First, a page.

Clause 5 of the Bill deals with convicted traffickers who could face a penalty of a fine of UGX 1b or three times the market value of a narcotic drug or psychotropic substance whichever is greater or life imprisonment. Convicted traffickers for other substances other than narcotic drugs or psychotropic substances, on conviction could be fined UGX 500m or a jail sentence of 20 years or both.

Clause 6 of the Bill has gone for the people found guilty of; smoking, inhaling, sniffing and chewing any narcotic drug or psychotropic substance; being found in any house, room or place where such acts are done; owns or occupies or manages such a premise where use or manufacture of the prohibited drugs.

The proposed penalty of a fine of UGX 1b or imprisonment for 10 years has been legislated for medical practitioners and dentists found guilty of prescribing for, administer, sell or supply to any person a narcotic drug or psychotropic substance except where it is required for medical purposes. The same penalty has been proposed for a veterinary surgeon who supplies or administer the prohibited drugs to animals except for treatment.

In this piece of legislation, Parliament has also gone for the punishment of owners of properties including land and buildings where prohibited plants are cultivated or drugs are abused respectively. Clause 23 of the Bill provides for the Attorney General to apply for a restraint order for anyone to use the property until the criminal case is exposed of by Court.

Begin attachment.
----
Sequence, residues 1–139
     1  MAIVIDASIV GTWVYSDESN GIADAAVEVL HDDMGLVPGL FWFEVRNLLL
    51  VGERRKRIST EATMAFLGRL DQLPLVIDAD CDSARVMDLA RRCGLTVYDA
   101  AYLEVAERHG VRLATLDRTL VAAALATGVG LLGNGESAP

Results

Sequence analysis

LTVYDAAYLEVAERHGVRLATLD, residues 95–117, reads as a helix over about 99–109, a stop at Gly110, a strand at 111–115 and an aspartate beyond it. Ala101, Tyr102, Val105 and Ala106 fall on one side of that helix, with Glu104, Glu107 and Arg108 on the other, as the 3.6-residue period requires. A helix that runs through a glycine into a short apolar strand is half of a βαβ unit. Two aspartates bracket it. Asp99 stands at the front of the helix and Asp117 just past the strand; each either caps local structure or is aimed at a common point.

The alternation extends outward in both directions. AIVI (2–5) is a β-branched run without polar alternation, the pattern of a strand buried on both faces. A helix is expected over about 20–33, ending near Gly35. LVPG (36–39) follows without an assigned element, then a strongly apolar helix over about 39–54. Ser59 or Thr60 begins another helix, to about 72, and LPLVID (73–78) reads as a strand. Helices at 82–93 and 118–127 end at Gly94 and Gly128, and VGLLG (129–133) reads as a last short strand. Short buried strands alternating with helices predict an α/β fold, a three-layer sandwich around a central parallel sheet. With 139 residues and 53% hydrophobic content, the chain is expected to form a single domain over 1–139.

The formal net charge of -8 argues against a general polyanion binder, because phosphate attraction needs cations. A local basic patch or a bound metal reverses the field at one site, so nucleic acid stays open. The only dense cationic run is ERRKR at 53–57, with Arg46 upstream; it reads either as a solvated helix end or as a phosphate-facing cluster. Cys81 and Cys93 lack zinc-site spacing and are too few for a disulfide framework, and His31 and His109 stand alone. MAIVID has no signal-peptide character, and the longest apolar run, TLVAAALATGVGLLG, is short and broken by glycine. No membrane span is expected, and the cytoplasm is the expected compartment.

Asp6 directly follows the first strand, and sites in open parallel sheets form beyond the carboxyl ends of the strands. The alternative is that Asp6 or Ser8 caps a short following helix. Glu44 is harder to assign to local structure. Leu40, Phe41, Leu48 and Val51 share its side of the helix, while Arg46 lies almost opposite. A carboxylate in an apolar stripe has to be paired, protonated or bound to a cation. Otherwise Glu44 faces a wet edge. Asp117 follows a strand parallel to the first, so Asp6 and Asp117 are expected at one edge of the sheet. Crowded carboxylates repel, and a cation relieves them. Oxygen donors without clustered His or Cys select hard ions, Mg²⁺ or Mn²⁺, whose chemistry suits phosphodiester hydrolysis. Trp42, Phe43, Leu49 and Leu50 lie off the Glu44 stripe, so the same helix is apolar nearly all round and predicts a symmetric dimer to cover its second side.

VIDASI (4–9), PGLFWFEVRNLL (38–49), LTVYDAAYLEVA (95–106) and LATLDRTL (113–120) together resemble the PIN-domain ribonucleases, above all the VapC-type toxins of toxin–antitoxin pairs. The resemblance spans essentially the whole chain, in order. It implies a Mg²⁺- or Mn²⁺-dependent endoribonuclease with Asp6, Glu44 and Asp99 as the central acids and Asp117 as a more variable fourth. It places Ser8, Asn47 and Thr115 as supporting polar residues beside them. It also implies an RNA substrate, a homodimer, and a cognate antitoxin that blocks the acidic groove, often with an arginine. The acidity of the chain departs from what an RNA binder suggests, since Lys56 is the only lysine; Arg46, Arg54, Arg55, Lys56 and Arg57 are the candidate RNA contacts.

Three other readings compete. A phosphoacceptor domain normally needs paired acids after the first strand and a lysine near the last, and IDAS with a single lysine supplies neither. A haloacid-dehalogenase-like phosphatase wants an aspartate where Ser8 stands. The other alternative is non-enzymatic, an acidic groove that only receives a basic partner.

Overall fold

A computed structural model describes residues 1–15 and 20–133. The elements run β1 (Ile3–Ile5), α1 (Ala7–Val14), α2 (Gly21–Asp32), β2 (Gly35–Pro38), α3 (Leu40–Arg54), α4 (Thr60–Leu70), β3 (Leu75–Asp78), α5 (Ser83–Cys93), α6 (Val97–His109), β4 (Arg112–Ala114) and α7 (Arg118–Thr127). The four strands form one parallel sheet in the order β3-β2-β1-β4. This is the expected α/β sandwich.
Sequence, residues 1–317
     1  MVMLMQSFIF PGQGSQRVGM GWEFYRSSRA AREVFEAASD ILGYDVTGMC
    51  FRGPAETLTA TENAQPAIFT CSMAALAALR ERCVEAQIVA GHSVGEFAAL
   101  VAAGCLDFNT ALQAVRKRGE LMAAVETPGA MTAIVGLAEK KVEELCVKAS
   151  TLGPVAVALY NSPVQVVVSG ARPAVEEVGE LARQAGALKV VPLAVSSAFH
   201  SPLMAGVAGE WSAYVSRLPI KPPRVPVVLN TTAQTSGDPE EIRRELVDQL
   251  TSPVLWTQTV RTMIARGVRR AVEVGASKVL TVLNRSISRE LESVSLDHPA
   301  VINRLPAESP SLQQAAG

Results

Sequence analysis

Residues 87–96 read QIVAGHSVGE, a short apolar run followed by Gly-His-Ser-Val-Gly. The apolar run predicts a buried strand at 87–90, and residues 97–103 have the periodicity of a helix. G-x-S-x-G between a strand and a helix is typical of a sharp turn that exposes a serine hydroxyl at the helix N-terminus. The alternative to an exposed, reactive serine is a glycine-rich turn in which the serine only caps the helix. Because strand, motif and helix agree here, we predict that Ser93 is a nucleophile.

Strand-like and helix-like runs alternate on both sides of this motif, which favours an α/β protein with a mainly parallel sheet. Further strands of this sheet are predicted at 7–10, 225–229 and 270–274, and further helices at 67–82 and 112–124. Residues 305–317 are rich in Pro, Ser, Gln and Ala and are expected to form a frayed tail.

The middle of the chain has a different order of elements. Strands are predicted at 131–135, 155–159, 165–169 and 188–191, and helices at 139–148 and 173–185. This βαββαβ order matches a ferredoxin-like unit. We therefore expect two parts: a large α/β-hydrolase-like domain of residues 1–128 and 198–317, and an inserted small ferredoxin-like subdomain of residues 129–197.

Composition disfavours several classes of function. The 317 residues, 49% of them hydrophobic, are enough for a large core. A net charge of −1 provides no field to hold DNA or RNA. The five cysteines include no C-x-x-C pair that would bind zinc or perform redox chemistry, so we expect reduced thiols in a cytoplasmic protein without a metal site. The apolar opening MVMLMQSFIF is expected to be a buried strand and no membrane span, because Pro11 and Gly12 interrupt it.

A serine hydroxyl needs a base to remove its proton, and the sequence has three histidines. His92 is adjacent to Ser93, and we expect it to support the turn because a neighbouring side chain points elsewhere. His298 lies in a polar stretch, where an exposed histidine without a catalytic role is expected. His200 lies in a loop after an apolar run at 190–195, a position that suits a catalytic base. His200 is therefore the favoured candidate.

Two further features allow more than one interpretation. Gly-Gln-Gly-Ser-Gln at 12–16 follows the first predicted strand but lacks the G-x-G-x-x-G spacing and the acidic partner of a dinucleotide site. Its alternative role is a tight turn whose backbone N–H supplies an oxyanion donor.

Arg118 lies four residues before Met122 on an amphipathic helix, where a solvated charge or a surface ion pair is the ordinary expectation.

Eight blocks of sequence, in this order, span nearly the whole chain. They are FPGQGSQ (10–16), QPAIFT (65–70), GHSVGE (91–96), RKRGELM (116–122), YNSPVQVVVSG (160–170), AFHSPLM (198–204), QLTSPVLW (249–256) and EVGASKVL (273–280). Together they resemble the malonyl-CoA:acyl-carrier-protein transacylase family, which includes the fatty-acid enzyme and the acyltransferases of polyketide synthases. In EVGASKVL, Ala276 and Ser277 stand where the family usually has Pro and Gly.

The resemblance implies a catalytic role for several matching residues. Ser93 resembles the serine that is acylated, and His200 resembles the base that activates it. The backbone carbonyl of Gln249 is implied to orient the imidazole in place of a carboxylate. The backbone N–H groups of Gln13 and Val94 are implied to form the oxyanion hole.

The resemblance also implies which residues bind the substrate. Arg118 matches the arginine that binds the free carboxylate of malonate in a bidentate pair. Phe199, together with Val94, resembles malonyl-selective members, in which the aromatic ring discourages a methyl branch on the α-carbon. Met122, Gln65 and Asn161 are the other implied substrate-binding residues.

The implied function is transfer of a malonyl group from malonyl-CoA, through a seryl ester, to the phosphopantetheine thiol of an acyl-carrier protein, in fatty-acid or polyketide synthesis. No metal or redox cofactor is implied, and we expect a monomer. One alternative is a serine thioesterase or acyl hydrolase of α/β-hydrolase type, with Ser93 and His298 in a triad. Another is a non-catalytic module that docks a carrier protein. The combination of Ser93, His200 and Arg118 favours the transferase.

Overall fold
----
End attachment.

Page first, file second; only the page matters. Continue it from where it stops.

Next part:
If this law comes into force, police officers at the rank of Inspector will be empowered to enter upon and inspect any land where he or she has reasonable grounds to suspect that; a prohibited plant was or is cultivated on any government land that is held under lease or license or illegally entered. Under the same clause 11 a police officer will be free to enter private land where he or she has reasonable grounds to suspect that a prohibited plant has been cultivated without a written consent of the Minister of Health.

Some of the other penalties include; UGX 500m or 10 years jail term for a person who fails to furnish authorities with information about manufacturing or dealing in prohibited drugs; deregistering medical practitioners, dentists or veterinary surgeons convicted for an offense under this law; a fine of UGX480000 or jail term of one year for a police officer who wrongfully enters or searchers any building or unnecessarily detains or arrest any person; and, a jail sentence of 10 years for a person convicted for conspiring, inciting, aiding or abetting commission of an offense.


With statistics from the Butabika National Referral Hospital indicating that there are Ugandans under treatment for mental disorder as a result of the use of narcotic drugs and psychotropic substances in the country, the new legislation has provided for the establishment of rehabilitation centres.

Legislators appreciated that the country has only one rehabilitation centre which is Butabika which can only accommodate 60 patients at a time. In Clause 57 of the Bill, Parliament wants the Ministry of Health to establish an advisory committee for the rehabilitation of drug addicts.

What they said

Deputy Speaker, Tayebwa argued for the legislators to lead in the sensitization of their constituents on the need to fight drug abuse saying it is costly to treat or rehabilitate an addict than preventing the vice from surging all over the country.

“The problem of substance abuse is big. It starts small and keeps upgrading. We need to talk to our children about it. Personally, I have one in our family. We have gone through a lot. It starts in a simple way but we have many people who are dying slowly” said Tayebwa.

Defense and Internal Affairs Committee Chairperson, Wilson Kajwengye commended the House for the passing of the Bill saying; “we have delivered a piece of legislation that has a direct bearing on our people”